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Can Kate Moss Make Fat Cool?

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In case you missed it, "fat" is experiencing a resurgence in the beauty world as evidenced by recent photos of Kate Moss where she sports some extra weight in the form of actual breasts and hips - the latter only if caught in the right light. Of course everyone cried pregnancy first but Moss has denied all fertility rumors, instead saying she's just getting "fat." Has the famous model finally succumbed to critics' demands that she "eat a sammich already"? Or has she decided to lay off the smack and take a healthier approach? Or is this some kind of grand publicity stunt? Did she just tie a gym sock to her abdomen and stuff her bra?

Fashionistas are declaring Moss' unapologetic weight gain a coup for the healthy-girl crowd by stamping out skinny minnies everywhere. Of course anyone who has picked up a magazine, watched TV or surfed the Internet lately realizes how ludicrous that sounds. Almost as ludicrous as calling Kate Moss "fat." Consider the evidence:

Kate Moss in her heydey
Kate Moss last month
She gained maybe 10 pounds? Maybe? The UK Times exults over Moss' weight gain, "After 10 years of maple-syrup diets, ashtanga yoga, low-rise jeans and rib-counting, something utterly unexpected has happened. "Fat" is no longer the ultimate fashion insult." So basically they're calling a still-quite-thin woman "fat" and then saying "but, hey, take it as a compliment!" The Times adds that since Moss is such a trendsetter, her 10 pounds mean renewed acceptability of older but "curvier" models like Linda Evangelista and Cindy Crawford. Not famous women may have to just hope for the trickle down effect.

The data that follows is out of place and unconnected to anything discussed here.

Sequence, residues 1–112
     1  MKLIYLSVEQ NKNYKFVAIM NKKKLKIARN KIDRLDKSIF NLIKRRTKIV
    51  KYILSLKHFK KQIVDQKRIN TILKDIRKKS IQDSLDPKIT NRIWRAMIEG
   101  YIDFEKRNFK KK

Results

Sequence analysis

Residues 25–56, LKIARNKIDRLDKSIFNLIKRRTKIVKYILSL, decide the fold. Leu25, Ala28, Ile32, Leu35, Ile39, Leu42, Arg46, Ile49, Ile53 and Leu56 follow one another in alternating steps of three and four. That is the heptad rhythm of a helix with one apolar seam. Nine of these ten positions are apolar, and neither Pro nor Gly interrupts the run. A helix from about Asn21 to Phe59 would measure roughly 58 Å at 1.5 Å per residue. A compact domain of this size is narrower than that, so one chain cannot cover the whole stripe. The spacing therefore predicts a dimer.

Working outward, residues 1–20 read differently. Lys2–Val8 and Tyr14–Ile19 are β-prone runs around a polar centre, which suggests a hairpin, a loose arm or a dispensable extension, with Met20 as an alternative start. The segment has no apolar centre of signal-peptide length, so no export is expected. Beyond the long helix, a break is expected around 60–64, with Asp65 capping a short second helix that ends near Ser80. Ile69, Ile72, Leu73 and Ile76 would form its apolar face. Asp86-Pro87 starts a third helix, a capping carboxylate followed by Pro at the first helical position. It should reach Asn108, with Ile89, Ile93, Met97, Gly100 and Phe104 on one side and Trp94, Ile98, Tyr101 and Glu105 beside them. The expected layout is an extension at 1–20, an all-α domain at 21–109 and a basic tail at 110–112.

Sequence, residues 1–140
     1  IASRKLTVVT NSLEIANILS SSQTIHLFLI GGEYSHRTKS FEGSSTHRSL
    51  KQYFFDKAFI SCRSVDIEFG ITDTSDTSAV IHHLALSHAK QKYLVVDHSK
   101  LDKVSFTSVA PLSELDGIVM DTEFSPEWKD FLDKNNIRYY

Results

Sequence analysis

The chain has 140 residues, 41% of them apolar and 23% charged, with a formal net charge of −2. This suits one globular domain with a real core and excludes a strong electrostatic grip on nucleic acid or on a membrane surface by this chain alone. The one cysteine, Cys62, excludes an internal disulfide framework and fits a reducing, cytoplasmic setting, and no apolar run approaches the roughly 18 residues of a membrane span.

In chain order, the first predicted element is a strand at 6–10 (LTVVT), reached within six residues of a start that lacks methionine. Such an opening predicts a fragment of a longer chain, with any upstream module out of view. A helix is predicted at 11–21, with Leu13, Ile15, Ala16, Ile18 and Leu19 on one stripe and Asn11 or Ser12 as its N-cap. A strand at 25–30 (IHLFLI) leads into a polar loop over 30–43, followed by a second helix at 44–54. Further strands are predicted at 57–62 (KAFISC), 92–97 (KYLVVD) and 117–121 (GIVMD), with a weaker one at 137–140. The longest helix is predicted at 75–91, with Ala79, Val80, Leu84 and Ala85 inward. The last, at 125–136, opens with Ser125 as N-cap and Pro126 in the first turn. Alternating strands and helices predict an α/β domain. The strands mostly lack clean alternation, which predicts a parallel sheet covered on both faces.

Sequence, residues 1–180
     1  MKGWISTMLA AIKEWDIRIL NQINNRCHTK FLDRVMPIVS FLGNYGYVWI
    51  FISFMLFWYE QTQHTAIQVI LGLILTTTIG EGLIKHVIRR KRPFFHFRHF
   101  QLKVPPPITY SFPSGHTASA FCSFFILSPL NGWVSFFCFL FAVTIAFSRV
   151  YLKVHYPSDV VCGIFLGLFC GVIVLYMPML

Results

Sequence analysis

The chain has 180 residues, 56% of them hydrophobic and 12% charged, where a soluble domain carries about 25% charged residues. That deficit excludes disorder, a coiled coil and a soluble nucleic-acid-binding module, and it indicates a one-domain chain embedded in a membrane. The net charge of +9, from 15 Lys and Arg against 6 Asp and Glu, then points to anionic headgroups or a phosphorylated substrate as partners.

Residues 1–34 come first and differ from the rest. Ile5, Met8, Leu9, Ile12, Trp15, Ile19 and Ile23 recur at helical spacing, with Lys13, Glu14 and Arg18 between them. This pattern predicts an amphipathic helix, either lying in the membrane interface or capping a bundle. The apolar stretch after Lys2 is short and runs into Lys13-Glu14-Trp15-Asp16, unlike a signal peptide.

The Times article adds that the recession may be helping this "new trend" gain traction, concluding:

"[...]that wearying daily analysis of jutting celebrity pelvises and matchstick arms. Crazy as it seems, only a few months ago, Madonna's sinewy calves or Victoria Beckham's angular collarbones seemed like bona-fide dinner-party conversation-starters. Now that we have some actual problems, debating some neurotic x-ray's eating habits seems pointless, to say nothing of panicking about our own bodies. Clearly we had too little to worry about if "Is it gluten-free?" or "Should I eat carbs after 6pm?" were troubling questions. Who cares? Malnourished women aren't interesting any more. They're depressing. And the six-pack, once evidence of having luxurious amounts of time and money to devote to self-sculpture, now looks like a feeble attempt at control in an uncertain world. Even worse, it implies a desperately high level of self-involvement. Fat people, meanwhile, look better every day. Why? Because they look carefree. So heave a sigh of relief and let your gut out. Kate Moss might be "fat", but it turns out she's bang on trend, as ever. "

The skeptical part of me wonders if this is somehow a great publicity stunt or perhaps a stealth pregnancy or even just hollywood hyperbole but the rest of my fragmented, media-eroded personality hopes this is for real. That maybe our society is coming to its senses. That maybe we can start worrying about how to talk to our daughters about Darfur instead of their thighs. That maybe men will start looking for a strong woman who can pull her own weight rather than a delicate/emaciated trophy wife. That maybe women will start realizing that if we put all the energy into solving world hunger that we previously channeled into our arm fat, we could change the world. And if Kate Moss is leading that revolution? Well, I suppose stranger things have happened.